Parasite Prevention – Food & Environment

Nancy Mehlert, MS

Parasitic infections are probably under-diagnosed because most doctor’s don’t consider them to be a likelihood in the United States.  They may be more common than we realize and should be considered as a root cause when chronic illness cannot be explained otherwise (see the main article).

In the meantime, no one wants a parasitic infection and there are things we can do to avoid them. 

Many parasites can be transmitted in foods including protozoa and helminths (roundworms and tapeworms). The most common food sources to be aware of include:

  • Undercooked fish, crabs, and mollusks, including sushi
  • Undercooked meat, especially pork
  • Raw aquatic plants, such as watercress
  • Raw vegetables that have been contaminated by human or animal feces (even USDA Organic Standards allow animal waste)
  • Foods contaminated as a result of food service workers who practice poor hygiene or work in unsanitary facilities

Action steps in the kitchen include making sure to cook fish and meat thoroughly and carefully. Also consider if eating sushi is worth the risk.  Wash produce well before use. Visit reputable restaurants with good sanitation practices.

Many parasites are also transmitted by water, soil, or person to person contact.  Here are several more action steps you can take to protect yourself from parasitic infection:

  • Wash your hands regularly, especially after handling uncooked food or feces.
  • Drink clean water, including bottled water when traveling, especially in tropical, subtropical, or under-developed countries.
  • Avoid swallowing water from lakes, streams, or ponds.
  • Avoid cat litter and feces, especially if pregnant. Outdoor cats can come into contact with infected rodents and birds, which makes owners more likely to contract toxoplasmosis, a type of protozoa.

Be informed, be safe, be well.

Sources:

https://www.healthline.com/health/parasitic-infections#risk-factors

https://www.cdc.gov/parasites/food.html

https://www.ams.usda.gov/grades-standards/organic-standards

By |2020-09-01T11:54:52-05:00September 13th, 2020|General, NANCY’S NUTRITIONAL NUGGET|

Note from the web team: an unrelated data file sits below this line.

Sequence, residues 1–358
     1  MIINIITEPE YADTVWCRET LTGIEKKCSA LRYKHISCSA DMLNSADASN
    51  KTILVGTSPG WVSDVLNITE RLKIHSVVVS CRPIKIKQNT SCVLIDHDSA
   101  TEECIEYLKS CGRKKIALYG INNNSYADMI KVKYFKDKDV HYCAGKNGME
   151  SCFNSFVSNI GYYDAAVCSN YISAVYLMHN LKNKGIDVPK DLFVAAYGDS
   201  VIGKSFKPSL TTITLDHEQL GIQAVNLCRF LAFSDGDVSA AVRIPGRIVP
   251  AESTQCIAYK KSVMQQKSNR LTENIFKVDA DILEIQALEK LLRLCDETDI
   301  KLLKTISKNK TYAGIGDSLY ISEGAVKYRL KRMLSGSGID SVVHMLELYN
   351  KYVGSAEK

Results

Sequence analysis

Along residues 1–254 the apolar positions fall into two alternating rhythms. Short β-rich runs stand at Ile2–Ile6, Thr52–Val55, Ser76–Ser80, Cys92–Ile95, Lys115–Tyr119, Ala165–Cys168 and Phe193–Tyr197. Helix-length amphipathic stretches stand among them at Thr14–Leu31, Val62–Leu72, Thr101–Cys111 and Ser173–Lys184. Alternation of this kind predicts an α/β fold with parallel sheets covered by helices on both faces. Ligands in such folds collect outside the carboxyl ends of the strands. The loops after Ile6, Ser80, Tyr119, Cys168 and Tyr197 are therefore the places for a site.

How to Hydrate Healthfully

  1. 1. Clean water has always been and remains the gold standard for hydration. For normal daily exercise and play in the sun, aim for 25-50% of body weight in ounces for adults and children.  For long periods in the heat, drink more and drink frequently.
  2. 2. Eat plenty of fruits and vegetables. Rich in both water and electrolytes, they are optimal hydrators that prevent cramping and assist with recovery.  Examples of good hydrating choices for summer outdoor activities include celery, watermelon, cucumber, kiwi, citrus fruits, carrot, pineapple, iceberg lettuce, tomato, berries, broccoli and cauliflower.
  3. 3. Add Sea Salt to water, fruits and vegetables. Sea salt will help to balance potassium levels, alkalize the body and support hydration.
  4. 4. Avoid typical sports drinks such as Gatorade, Powerade and Propel, just to name a few. They are full of sugar, phosphoric acid, food dyes, and artificial sweeteners. If you feel you must use something more than the options listed above, then opt for cleaner, healthier choices such as NUUN Hydration Effervescent Electrolyte tablets, Hi-Lyte™ or Lyteline™ Electrolyte products. These choices are clean and appropriate for endurance sport activities. They are non-GMO, gluten free, and sugar free.  Follow the instructions provided on the products.
By |2018-06-28T22:14:07-05:00June 20th, 2018|General, NANCY’S NUTRITIONAL NUGGET|
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